Every Tuesday, AllYourScreens highlights five songs you should know from one of our favorite bands or musicians. It can range across any genre or time period. But these are the deep cuts that might not be familiar, but are as interesting and listenable as any of the hits.
This week, I'm highlighting the Beach Boys and given the fact that they've been releasing new music since the 1960s, it's not surprising that there is a lot of music that has been overlooked. But I want to focus specifically on the 1970s, which was a difficult decade for the band.
Following the emotional collapse of creative center Brian Wilson during the abortive "Smile" album sessions, the band regrouped and hoped to build on the goodwill and buzz that still lingered from the "Pet Sounds" album. And the 1970s began strongly, with the release of "Sunflower," arguably one the band's best albums. But that release, like nearly everything the band released in the 1970s, didn't find an audience. And to make things more difficult, the band was at odds, with Carl and Dennis Wilson pitted creatively against Mike Love and sometimes Al Jardine. The Wilson Brothers were both fighting substance abuse problems and by the time 1980 rolled around, Dennis was exiting the band and the Beach Boys were essentially an oldies act. But the 1970s also held some of the band's best songs and here are five that deserve to be remembered.
1) "Forever" ("Sunflower" album, August 1970)
"Forever" was Dennis Wilson's most realized love song and by any rights it should have been a huge hit. The fact that most people might know it as the song sung by John Stamos on "Full House" is the cruelest cut for fans of the original. The video above features a live performance from Dennis and comes from the fabulous video "Good Vibrations in Central Park, 1971." If all you know of the Beach Boys are the surfer songs, that entire concert will be a revelation. They might not have been selling many records, but in 1971 the band was at the peak of their live performances. As a contrast, I've included a video below that features the original studio recording.
2) "It's About Time" ("Sunflower" album, August 1970)
The words "driving rocker" aren't generally the ones that come to mind when you think of The Beach Boys. But this Dennis Wilson-penned track manage to meld the familiar harmonies with an upbeat song that the band used as a show-closer for a couple of years. It's not the type of song that is a hit. But it's fun to listen and a hint of what the Beach Boys could be without Brian Wilson.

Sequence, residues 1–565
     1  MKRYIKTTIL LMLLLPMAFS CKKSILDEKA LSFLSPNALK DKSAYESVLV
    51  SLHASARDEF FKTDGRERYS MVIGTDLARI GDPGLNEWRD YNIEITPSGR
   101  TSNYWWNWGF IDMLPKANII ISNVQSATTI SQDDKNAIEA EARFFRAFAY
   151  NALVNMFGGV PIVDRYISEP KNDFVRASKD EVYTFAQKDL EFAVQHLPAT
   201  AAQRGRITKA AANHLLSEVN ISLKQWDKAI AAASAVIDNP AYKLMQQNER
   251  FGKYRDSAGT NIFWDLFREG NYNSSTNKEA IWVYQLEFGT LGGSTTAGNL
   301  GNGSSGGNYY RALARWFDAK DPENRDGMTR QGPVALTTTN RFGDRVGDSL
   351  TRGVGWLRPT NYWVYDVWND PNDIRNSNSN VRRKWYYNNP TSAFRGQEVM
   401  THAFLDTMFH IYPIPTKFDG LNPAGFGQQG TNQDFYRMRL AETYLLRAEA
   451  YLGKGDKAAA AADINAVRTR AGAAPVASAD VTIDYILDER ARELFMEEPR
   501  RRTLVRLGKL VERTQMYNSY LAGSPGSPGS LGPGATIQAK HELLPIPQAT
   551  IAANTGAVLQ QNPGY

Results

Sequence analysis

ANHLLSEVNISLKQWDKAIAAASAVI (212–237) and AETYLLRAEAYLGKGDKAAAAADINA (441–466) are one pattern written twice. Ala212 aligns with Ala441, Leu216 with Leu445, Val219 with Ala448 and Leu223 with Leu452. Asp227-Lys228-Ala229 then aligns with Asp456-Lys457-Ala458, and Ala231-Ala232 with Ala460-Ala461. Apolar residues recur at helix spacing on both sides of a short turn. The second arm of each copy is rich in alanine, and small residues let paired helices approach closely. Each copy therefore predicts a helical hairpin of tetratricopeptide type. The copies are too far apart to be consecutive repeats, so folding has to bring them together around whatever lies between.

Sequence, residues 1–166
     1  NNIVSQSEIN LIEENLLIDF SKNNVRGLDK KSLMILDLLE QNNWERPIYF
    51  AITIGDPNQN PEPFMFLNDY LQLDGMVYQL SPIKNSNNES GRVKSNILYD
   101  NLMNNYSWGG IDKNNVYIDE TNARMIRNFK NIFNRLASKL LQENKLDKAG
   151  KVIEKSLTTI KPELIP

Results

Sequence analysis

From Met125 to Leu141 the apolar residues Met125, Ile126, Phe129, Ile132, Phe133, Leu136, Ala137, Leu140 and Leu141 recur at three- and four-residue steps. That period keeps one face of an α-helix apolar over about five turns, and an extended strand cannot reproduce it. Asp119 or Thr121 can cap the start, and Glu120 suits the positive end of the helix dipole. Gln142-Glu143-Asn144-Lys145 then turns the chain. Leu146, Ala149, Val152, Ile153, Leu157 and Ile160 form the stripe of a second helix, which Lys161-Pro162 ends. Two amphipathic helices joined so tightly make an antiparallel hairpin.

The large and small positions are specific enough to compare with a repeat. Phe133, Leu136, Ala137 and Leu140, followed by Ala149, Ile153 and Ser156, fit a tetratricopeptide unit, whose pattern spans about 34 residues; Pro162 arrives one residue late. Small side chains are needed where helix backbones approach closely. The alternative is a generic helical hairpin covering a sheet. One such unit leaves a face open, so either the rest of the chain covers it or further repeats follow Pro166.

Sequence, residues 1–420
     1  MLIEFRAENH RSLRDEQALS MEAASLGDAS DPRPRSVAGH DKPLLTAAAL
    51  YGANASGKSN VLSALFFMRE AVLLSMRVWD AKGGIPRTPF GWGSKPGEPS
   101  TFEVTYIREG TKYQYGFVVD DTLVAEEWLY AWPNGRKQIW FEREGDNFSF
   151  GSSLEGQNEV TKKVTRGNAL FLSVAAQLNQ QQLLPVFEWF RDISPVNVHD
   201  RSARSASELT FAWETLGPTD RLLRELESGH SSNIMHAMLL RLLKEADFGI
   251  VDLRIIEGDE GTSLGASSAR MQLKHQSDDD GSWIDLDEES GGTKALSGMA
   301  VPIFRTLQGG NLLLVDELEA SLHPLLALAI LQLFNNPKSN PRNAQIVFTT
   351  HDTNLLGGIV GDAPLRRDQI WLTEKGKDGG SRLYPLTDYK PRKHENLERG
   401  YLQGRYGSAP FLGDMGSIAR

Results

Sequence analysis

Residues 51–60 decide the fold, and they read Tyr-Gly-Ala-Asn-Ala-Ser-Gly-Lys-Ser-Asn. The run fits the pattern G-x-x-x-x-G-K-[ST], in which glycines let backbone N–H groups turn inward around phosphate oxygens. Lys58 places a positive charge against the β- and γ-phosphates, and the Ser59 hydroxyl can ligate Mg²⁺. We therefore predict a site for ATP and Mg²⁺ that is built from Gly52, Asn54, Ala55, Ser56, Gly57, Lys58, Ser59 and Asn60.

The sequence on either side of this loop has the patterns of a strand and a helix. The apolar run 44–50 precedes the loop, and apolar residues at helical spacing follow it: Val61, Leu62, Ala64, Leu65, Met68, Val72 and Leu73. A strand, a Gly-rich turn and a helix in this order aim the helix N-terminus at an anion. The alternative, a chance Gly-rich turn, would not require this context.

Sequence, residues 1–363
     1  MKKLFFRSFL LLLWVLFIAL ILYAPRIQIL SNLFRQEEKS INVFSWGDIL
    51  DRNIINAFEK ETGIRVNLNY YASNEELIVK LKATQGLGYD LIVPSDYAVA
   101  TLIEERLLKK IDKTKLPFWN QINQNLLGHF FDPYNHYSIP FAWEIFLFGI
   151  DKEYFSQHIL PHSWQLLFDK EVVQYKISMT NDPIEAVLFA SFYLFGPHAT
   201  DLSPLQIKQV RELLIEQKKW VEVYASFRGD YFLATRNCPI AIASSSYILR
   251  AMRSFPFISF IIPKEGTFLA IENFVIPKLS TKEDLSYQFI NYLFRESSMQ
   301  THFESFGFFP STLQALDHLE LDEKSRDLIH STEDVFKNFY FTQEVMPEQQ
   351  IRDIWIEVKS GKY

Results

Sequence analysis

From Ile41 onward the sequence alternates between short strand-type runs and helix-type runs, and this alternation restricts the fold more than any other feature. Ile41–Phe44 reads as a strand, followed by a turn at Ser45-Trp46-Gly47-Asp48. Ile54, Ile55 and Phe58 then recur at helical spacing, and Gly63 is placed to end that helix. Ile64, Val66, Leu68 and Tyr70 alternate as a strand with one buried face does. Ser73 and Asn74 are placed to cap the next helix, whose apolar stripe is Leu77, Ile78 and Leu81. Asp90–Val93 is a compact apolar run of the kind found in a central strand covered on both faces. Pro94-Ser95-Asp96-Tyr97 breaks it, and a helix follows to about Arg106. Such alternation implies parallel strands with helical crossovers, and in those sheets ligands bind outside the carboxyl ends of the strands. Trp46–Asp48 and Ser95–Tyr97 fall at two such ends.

3) "Disney Girls (1957)" ("Surf's Up" Album, August 1971)
The Beach Boys followed up the under-appreciated "Sunflower" with "Surf's Up," an album that takes its name from a Brian Wilson song originally recorded for the aborted "Smile" album. It was dusted off and tweaked some for this album and that approach illustrates the problems with the album. New band manager Jack Rieley contributed a series of inane lyrics on several tracks and this was the beginning of Mike Love's creative control of the band. And yet the album contained several great tracks, including this Bruce Johnston-penned tribute to the 1950s.
4) "Til I Die" ("Surf's Up" Album, August 1971)
While Brian Wilson was only marginally involved with the day-to-day business of the Beach Boys in the early 1970s, he was still capable of creating magic on a few rare occasions. "Til I Die" is a lush and melancholy song that unlike any other song the band ever recorded. Easily as stunning as anything recorded for "Pet Sounds" or "Smile."
5) "Here Comes The Night" ("L.A.(Light Album), March 1979
After a string of embarrassingly weak albums, the Beach Boys released "L.A. (Light Album)" which is probably the last solid album of original songs released by the band. While the album's quality was erratic, it included "Good Timin" and "Lady Lynda," both of which were returns to form for the band. The album also included the haunting "Baby Blue," Dennis Wilson's final contribution to the band. "Here Comes The Night" had originally been released on the "Wild Honey" album, but the Brian Wilson/Mike Love track resurfaced on this album as a nearly 11-minute remixed Disco track. By all rights, I should hate the attempt to cash in on the trailing edges of Disco. But it is a wildly bizarre club track and a fitting way to end a very tough decade for the Beach Boys.